Global goals. Local solutions.
Jakarta is harnessing app technology for “predictive government” while Bandung hopes that a new app will ease crowds in tax offices, GovInsider reports.
Basuki Tjahaja Purnama moved swiftly to fire lazy and corrupt workers and to foster transparency, GovInsider reports.
Taxi drivers complain that people driving for upstart competitors are not licensed or required to pay state taxes, the New York Times reports.
Most residents of Indonesia’s capital are unaware they can influence city spending, GovInsider reports.
A competition open to Indonesia’s youths spawned apps that enhance public safety for women and girls as well as the sharing of pedestrian and bike lanes, New Cities Foundation says.
Bumi Serpong Damai is designed as an environmentally conscious alternative to Indonesia’s capital, the New Cities Foundation says.
Awards worth US$20,000 will go to Indonesians ages 18 to 35, according to the New Cities Foundation, a cosponsor.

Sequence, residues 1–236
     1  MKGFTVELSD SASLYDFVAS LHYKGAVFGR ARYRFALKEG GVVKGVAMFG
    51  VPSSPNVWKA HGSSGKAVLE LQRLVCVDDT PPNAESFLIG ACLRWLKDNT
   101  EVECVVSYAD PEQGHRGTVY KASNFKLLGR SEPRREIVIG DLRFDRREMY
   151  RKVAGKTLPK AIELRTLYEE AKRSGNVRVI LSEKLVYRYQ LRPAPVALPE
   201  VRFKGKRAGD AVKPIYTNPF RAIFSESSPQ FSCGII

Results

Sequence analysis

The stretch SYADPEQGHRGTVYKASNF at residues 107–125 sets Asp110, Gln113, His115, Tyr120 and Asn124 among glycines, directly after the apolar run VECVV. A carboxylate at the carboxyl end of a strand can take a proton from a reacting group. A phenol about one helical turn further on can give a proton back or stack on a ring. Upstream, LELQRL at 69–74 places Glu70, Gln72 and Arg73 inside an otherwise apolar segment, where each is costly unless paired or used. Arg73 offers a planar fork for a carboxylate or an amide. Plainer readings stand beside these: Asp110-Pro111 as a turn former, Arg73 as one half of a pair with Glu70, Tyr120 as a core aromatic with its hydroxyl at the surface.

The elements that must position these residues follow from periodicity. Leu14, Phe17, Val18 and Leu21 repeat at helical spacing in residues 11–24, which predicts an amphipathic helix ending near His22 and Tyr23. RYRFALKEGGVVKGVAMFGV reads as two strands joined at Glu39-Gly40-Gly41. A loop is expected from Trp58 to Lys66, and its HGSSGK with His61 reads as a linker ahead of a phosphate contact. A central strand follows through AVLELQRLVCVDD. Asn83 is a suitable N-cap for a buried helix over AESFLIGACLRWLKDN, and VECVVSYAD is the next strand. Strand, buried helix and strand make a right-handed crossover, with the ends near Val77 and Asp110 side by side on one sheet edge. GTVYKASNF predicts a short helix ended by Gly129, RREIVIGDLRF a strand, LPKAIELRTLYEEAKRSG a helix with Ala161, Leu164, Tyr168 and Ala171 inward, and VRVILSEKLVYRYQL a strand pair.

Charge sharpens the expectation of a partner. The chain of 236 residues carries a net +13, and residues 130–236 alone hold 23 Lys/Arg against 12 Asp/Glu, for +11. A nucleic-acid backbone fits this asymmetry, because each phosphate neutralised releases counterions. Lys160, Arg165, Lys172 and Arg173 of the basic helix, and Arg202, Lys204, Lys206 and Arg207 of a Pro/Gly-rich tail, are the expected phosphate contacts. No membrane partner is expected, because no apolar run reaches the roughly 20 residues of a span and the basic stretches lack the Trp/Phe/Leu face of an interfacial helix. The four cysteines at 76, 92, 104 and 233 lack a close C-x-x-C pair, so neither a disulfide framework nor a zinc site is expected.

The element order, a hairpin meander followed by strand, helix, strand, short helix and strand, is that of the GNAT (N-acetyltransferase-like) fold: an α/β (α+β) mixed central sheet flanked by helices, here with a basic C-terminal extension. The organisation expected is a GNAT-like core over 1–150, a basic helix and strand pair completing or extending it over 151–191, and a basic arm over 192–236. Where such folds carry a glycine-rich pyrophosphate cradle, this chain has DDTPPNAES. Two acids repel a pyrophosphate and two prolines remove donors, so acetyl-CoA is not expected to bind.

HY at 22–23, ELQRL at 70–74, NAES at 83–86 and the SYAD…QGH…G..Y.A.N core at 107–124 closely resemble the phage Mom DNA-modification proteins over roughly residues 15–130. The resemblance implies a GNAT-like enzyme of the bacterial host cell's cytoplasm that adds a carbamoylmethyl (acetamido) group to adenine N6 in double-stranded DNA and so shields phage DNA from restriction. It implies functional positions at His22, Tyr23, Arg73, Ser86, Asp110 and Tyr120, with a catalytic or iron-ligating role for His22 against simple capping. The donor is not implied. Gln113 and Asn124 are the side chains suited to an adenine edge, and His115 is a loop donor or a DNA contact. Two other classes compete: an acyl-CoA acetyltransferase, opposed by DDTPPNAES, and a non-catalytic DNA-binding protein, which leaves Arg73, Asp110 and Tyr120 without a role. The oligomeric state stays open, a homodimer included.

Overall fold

Both cities launched forms of participatory budgeting that give everyday citizens a bigger say in municipal spending, FutureGov Asia reports.
Indonesia is playing catch-up on infrastructure projects in an effort to reduce road congestion in its capital and other cities, the Jakarta Globe reports.
Flood mitigation efforts could displace nearby residents who subsist with jobs in the informal economy, according to the New Cities Foundation.
City leaders across the region should implement policies now to promote dense, livable, inclusive cities before it’s too late for such planning, the World Bank warns in a new report.
A $40 billion project aims to protect Jakarta from forces that could leave parts of the city submerged, Fast Company reports.
Each Sunday morning, Jakarta closes its main roads to tens of thousands of pedestrians, bikers and joggers, The Jakarta Post reports.
Jakarta’s poor use waste salvaged from a river for flood protection and building material, The Pop-Up City reports.
New policies are urgently needed to curb vehicle ownership.